This may add complexity for end users (and possibly create other headaches for the bank), but would improve security.

Any thoughts???

Rhyre417 March 21, 2008 4:56 PM

Perfect security is not feasible. Like a good cryptosystem, you just want to increase the amount of work that the attacker has to do, until there is no longer an economic incentive. When only Bill Gates, Donald Trump, and George Soros have to worry about ID theft, that’s good enough.

Right now, it’s easy to do phishing and MiM because people are trusting of what they get via insecured e-mails. You can certainly deploy a more paranoid browser, but until the web servers also get more paranoid, and check for browser certs, there’s not much hope.

Banks could send a set of one-time-use keys on a flash drive, since most computers have USB. The FSF has a “Privacy Key” the provide new members.

If the two-factor devices only cost $5, banks can use them as inducements to open accounts with them.

JT June 3, 2008 9:19 PM

You need to understand that different people have different requirements that two-factor authentication can solve for them. If you think of using two-factor authentication in a corporate environment desktop machines are locked down tightly with employees having no administrative rights.
Two-factor authentication shines here as your password management has now become a lot simpler. Employees do not have to remember an abundance of passwords, and you can also install certificates on devices like smart cards or smart tokens to enable digital certificates and e-mail encryption. Not to mention the benefits of implementing Single Sign On for the abundance of devices, servers, and web applications you need to log onto.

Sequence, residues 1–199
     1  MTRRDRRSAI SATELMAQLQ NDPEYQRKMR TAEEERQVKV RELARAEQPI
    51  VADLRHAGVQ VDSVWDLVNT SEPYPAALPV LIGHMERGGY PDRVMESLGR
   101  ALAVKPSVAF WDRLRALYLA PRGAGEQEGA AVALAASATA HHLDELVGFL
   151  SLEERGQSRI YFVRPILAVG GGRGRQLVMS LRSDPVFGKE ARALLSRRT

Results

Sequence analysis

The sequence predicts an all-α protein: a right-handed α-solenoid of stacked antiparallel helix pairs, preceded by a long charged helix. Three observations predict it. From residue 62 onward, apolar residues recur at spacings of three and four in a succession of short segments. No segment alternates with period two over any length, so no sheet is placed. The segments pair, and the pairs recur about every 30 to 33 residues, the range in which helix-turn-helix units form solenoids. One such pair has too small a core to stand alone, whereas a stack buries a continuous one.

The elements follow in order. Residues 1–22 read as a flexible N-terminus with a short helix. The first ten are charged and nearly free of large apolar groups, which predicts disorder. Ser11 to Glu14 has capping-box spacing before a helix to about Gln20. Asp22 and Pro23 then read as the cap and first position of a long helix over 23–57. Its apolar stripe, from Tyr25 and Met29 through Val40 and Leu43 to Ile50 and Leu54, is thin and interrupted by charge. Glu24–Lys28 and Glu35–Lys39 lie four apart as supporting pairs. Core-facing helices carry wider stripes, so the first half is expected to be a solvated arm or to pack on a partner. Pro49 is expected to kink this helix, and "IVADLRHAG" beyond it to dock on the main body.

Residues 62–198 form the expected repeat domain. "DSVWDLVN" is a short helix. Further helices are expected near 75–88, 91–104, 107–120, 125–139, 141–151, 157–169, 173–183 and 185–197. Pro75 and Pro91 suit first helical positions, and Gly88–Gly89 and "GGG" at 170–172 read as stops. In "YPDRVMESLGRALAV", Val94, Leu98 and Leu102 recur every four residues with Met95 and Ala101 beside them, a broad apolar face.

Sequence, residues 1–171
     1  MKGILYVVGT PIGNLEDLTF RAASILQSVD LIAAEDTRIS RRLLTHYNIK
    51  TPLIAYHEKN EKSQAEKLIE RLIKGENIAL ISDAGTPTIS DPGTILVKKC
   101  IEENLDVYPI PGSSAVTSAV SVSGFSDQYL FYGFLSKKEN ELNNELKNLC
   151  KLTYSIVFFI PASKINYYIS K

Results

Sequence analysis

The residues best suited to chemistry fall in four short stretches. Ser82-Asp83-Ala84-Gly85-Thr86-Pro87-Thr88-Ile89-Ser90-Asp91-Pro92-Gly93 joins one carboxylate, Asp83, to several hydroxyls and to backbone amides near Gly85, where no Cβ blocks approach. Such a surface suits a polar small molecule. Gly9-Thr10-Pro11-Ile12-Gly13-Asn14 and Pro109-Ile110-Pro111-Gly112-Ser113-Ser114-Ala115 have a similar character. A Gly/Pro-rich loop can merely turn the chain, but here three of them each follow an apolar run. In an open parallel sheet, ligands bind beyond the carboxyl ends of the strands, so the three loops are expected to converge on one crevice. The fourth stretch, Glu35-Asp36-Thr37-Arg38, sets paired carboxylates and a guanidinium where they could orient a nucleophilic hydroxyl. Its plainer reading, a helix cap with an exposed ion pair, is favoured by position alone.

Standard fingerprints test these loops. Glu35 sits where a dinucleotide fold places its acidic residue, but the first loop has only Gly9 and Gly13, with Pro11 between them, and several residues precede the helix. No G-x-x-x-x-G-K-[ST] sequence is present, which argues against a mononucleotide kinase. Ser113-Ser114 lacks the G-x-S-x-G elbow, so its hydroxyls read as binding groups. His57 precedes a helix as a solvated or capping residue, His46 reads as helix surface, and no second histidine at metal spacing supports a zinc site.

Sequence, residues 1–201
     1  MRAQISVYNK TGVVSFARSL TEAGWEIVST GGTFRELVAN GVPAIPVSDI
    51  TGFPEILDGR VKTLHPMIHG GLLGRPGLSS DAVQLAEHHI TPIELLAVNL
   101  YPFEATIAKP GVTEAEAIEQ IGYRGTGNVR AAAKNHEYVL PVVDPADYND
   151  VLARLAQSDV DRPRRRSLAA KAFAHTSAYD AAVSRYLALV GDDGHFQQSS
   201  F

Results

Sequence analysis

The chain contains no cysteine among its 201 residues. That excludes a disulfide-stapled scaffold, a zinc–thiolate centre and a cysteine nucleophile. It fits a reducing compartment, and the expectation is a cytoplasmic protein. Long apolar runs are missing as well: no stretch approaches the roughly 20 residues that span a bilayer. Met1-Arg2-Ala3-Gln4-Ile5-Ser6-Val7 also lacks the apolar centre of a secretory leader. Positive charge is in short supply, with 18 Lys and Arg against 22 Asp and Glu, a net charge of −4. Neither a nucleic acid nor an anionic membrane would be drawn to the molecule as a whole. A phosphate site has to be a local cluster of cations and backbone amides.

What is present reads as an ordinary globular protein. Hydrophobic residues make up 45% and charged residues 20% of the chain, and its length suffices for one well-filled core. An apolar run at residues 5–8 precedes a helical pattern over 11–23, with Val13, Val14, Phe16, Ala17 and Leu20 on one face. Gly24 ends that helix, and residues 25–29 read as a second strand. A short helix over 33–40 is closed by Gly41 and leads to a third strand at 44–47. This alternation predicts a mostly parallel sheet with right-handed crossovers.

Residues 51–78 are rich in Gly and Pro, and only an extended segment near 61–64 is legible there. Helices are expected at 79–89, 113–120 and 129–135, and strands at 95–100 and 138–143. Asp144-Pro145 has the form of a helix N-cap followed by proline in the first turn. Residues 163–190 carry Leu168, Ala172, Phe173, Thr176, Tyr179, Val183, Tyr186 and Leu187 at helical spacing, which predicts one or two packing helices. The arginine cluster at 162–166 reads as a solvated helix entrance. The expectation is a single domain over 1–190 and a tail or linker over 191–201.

I would prefer to see a write up of the failure of passwords and hello Two factor authentication.

Anonymous June 13, 2008 4:48 AM

We can generate a new dynamic web page for every request from the client and delete the already existing page and assigns a URL to that page at the same time generate a random pasword which he has to enter on to that page and sends that URL and password onto the mobile device of that user, The user on receiving the SMS has to enter that URL in his browser and the browser will open that page if he is connected to the actual serverbecause the required page is present on the actual server onlyand if he is connected to the proxy server the server cannot have that page and will send a request not found reply thus defeating phishing attack. Once that page is open he can enter the password and gain access of the system.
If it still can be breakable you please tell me how it can be.

Chris Hills June 13, 2008 6:32 AM

My bank has introduced a system using two-factor authentication for logging onto its internet banking site, as well as sending funds.